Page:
I was in a startup pitch event some months ago attended by a good number of people, a lot of which had corporate day jobs. I was listening intently to the ideas being pitched, and I jotted each of them on my tablet to get some sort of idea as to what exactly people wanted to get into. Almost EVERY idea pitched was a B2C (business to consumer: a business which offers products directly to consumers). A good number of them were social networking sites. A good number of them were location-based apps. A good number of them were online marketplaces. In fact, a couple of people thought of exactly the same idea.
This is all well and good, of course – it’s very good to think big. Why not create the next cool social network? Why not create the next killer location-based app? By all means, let’s dream big.
On the other hand, I was thinking the idea distribution was SO skewed towards these “sexy” apps: location-based, social, etc… There were hardly any B2B (business to business: a business which offers products to other businesses) ideas thrown on the table. This was surprising for me. My first thought was wondering about how many people around the world they were competing with. Moreover, there’s that danger of having a giant like Facebook or Google making a feature out of your idea – you’d be out of business in a hurry.
People, why not B2B?!
Here are some powerful reasons to consider it:
1) Online Purchasing Isn’t A Standard (yet)
While internet penetration is uncommonly high here in our country, online purchases are far from the norm. Not yet, anyway. And since our country is a third world country, it may take a while to get there. Since online purchases are commonly the lifeblood of web startups, it becomes a challenge to create a sustainable business model for those who insist on them. You could target a first world country nowadays, of course, since the world is flat – but then you’d have to worry about a ton of competition and a disadvantage of knowing the market a bit less.
2) Take Advantage of Your Corporate Domain Expertise
The ironic thing is that most of the people in that room with me were corporate lifers. Do they hate their corporate jobs that much that HARDLY any B2B idea were generated?
If you spent 5 years in Finance, or 7 years in Supply Chain Management, or 10 years in Human Resources, one thing is for sure: you know more about your corporate domain than most people. You know gaps / problem areas, or at the very least know people who would know about these gaps in detail. These gaps are tremendous opportunities. The fact that they are still gaps means you can come in and take that strategic early mover advantage. (instead of being, like the 167th mover in one of those “sexier” areas)
Also, while a great number of people do not like their corporate JOBS, I’m betting it’s not because of the domain. For example, I was in corporate HR for a good decade before taking the leap. It WASN’T HR that I loathed about corporate – it was the politics, the narrow responsibility sets, the butt-kissing, rigidity, etc… But HR as a domain and body of knowledge? I continue to love it.
I bet you feel the same way about your domain – marketing, sales, finance, etc…. There might be a reason you gravitated towards the domain. It might just be love of the game.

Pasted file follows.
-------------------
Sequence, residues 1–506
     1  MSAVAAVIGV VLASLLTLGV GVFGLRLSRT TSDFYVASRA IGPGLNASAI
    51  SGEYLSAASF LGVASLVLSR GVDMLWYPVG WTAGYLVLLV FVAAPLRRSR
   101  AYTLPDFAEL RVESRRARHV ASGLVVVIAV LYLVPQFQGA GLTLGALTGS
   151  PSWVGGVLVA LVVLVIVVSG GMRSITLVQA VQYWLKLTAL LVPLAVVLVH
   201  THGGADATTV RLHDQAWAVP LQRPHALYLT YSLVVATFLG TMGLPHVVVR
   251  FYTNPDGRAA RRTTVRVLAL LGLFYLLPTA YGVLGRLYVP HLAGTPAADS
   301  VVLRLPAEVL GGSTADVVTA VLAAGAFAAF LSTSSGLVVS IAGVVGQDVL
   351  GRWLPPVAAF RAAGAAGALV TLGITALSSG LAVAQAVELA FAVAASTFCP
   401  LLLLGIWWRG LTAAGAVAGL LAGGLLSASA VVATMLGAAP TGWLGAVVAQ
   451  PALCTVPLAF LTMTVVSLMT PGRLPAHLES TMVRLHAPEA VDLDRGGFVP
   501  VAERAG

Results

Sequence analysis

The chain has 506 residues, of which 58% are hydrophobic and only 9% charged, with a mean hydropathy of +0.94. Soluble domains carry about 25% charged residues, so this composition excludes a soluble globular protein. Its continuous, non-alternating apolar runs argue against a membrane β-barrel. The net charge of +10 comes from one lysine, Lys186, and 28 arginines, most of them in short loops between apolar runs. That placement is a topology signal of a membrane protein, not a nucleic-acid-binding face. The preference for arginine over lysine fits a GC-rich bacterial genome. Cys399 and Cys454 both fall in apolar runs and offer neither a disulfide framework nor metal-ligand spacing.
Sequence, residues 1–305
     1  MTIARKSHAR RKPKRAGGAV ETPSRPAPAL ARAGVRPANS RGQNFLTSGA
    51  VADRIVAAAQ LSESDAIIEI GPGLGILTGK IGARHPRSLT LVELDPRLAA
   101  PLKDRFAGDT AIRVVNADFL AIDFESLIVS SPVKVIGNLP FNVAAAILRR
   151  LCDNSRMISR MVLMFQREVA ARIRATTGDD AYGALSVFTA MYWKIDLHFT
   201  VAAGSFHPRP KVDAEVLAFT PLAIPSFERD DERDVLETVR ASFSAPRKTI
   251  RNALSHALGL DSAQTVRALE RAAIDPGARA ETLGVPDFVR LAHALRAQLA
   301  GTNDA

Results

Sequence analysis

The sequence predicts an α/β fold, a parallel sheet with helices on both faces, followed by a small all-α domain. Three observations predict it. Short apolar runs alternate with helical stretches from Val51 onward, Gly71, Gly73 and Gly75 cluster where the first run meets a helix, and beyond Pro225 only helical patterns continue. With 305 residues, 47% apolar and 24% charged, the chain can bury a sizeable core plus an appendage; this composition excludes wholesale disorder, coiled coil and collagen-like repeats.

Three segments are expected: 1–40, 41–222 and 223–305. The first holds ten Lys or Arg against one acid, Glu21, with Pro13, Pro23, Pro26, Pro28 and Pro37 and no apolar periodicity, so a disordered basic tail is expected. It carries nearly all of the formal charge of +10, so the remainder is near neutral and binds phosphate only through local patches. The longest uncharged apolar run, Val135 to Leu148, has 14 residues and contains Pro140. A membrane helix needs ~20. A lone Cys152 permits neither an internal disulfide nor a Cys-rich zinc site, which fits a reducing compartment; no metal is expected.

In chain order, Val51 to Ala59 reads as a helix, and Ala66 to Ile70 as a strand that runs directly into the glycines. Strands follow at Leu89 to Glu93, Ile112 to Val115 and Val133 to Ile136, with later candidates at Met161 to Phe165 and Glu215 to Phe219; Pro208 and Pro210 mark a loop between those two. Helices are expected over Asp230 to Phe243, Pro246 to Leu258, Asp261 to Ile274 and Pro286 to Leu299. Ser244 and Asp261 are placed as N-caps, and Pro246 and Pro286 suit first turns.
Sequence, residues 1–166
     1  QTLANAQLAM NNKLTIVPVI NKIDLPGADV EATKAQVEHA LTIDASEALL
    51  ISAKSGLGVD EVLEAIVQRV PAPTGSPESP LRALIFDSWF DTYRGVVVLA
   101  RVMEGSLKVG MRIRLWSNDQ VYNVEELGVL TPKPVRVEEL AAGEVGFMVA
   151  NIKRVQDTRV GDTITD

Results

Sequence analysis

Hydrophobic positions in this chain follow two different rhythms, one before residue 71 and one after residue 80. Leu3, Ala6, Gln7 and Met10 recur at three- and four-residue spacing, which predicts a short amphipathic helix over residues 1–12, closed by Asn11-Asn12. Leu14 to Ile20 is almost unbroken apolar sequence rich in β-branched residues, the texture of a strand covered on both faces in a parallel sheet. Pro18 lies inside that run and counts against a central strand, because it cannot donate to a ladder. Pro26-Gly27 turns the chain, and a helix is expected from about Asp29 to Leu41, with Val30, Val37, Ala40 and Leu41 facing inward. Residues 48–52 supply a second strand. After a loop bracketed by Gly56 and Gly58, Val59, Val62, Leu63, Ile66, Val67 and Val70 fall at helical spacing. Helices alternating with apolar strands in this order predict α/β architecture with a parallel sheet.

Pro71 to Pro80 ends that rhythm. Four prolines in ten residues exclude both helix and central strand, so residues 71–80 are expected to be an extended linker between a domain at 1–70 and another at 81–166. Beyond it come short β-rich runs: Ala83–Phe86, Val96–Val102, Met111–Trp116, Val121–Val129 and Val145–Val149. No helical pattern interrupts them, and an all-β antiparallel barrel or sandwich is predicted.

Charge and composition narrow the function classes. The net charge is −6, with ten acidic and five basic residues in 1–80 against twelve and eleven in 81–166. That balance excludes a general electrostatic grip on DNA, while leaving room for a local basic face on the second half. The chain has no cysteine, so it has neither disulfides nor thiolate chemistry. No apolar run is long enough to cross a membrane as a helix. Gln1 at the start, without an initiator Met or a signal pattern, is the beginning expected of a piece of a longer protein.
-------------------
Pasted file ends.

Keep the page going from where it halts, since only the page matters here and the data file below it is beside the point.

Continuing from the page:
3) Take Advantage of Your Corporate Network
In corporations, one thing you have the opportunity to do a lot is to network. There is a TON of ways to do so: of course you start with your co-workers, but then you also have your suppliers, or the would-be suppliers who send you proposals, those people you met in trade shows or public training courses, business partners, and clients. Why not build something where your existing network can still be useful, instead of creating a new one from scratch?
4) Corporations Have Money
Of course, during economic downturns, it might prove to be a bit difficult to get them to open their wallets. But you know what? If you solve a significant problem for them, you’d be amazed at how easy it is to do so sometimes. Oh, and yes, and corporations have credit cards.
I have discovered that locally owned companies tend to open their wallets faster than their multinational counterparts, probably because they don’t need to consult their regional counterparts for significant purchases. These might be good to target first.
5) B2B Firms Work
Amazon, Facebook, Mang Inasal, Zynga – these are all shining B2C examples. If you’ve got a killer idea like that, then by all means, take the plunge. But do take a look at some of the biggest successes in the startup world: Salesforce, 37 Signals, Linkedin (used mostly by business professionals), Success Factors (recently bought by SAP for $3 Billion), Taleo (recently bought by Oracle for nearly $2 Billion as a counter to SAP’s purchase), I could go on and on. These firms work. These firms scale.
6) Yes, You Can Go Multinational
Creating a B2B firm does not mean you’ll get stuck in just the local market. On the contrary. First, a lot of the companies you can target here are MNC’s. This means have regional affiliates they meet and talk to very regularly. This is one of the EASIEST ways to get to go international – just ride with your MNC clients. Do a good job with the local affiliate and they just might recommend you to their neighboring counterparts.
Another idea is viewing the local clients as a way to perfect your products for the international market. It will obviously be easier (and cheaper) to sell stuff here. You can start with that. Then as your portfolio grows, it becomes a virtuous cycle – you make your products and services better to account for the increased clients, and as a result your portfolio will grow even more – allowing you to position yourself nicely for international growth.
If you are a corporate lifer thinking of making a jump, then a jump to becoming a corporate entrepreneur does make a ton of sense, especially here in our country.